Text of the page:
We advised Mrs W that she was eligible to apply to the Insolvency Service for a Debt Relief Order which would protect her from bailiffs and other enforcement action for a period of 12 months. We further informed her that after this 12 month period all her debts would be written off.

Mrs W attended our offices on 7 March 2011 and we completed the Debt Relief Order Application on her behalf. The application was approved by The Insolvency Service on 16 March 2011 and she is now fully protected by this insolvency procedure.

As all her debts are included in this order she is financially much better off and more importantly she has peace of mind, knowing that all her debts have been addressed.

Mr and Mrs D

Mr and Mrs D were referred to us by Bolsover District Council as they had a large amount of arrears in relation to their mortgage and secured loan. Their mortgage company had taken possession proceedings and there was a hearing scheduled for 13 December 2010.

Dan Staniland (Debt Adviser) saw Mr D initially and discussed the family income situation in great detail. The position was not good. Mr D had just left work to care for his wife full time. The couple had made a claim for Carers Allowance and Disability Allowance, however the claims had not been processed and the only income the couple were receiving was Income Support, Child Tax Credits and Child Benefit.

Dan advised Mr D that unless he could pay his current monthly installment and an additional contribution towards the arrears a possession order would be made. Mr D was resigned to the fact that they could not afford to keep the house. Due to the large amount of negative equity in the property the couple were also not eligible for Mortgage Rescue.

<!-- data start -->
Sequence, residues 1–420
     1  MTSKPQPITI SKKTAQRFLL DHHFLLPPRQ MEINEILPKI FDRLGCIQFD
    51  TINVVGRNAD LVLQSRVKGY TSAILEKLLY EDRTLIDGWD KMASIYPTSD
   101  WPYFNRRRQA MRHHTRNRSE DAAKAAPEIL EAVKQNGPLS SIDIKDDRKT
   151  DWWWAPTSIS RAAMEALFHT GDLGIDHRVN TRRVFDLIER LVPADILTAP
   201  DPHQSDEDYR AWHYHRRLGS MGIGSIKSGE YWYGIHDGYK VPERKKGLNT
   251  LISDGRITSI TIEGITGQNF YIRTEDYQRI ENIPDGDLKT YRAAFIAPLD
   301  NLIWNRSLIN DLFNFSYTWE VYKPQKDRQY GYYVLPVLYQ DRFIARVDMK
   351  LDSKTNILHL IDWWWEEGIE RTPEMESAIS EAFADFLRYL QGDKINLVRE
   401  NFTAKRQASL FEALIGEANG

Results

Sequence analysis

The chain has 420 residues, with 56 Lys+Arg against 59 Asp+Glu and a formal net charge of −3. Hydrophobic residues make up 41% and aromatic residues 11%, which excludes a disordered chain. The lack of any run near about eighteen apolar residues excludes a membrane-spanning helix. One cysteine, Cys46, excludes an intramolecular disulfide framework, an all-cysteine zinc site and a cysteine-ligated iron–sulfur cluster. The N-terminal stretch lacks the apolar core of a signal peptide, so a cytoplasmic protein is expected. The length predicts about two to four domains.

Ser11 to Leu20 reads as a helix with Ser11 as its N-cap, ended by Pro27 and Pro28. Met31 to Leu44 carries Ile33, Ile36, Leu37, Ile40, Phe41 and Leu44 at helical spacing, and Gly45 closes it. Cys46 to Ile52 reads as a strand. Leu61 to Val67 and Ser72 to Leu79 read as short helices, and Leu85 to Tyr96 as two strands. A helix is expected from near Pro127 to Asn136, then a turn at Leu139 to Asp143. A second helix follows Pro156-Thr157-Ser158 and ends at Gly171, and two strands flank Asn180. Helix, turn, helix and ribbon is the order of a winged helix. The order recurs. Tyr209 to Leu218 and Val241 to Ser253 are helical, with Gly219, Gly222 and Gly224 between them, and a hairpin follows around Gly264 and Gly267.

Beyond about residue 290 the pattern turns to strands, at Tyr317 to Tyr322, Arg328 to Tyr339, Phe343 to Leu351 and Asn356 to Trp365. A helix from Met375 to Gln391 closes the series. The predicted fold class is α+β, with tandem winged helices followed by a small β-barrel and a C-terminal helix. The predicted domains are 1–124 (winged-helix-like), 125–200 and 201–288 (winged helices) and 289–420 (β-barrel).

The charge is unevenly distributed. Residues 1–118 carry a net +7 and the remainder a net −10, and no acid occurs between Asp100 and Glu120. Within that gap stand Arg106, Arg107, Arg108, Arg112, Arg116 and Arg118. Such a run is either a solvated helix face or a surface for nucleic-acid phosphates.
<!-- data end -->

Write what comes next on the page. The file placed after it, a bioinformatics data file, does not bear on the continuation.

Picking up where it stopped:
The client was advised that he should go back to the Council and make a homeless application. The situation was made even more difficult by the fact the couple have a disabled child and moving from the area and changing schools could be disruptive.

The Council showed the couple some properties that were felt unsuitable, however they found a private rented property but they could not afford the bond or the first months rent. We advised the couple about the Council’s paper bond scheme and spoke to the Council on the couple’s behalf about this. Unfortunately the landlord wouldn’t accept a paper bond.

With the family looking like they were to be made homeless we advised them about making a community care grant and a crisis loan application. They got these approved and had enough for the first months rent in advance. We then negotiated with the landlord to allow the couple to pay £50 per month for their bond so that they could move into the property before they were evicted.

We have also made an application to a charity for a grant of £250.00 which is yet to be approved, to assist the couple further.

The couple are now living happily in their new property, receiving full housing benefit and paying their additional £50 contribution. Long-term they are considering bankruptcy to address their debts as a whole and our adviser has provided them with full advice about this.

The family report that their overall sense of well being is greatly improved and now can manage their own affairs and finances.

Mrs K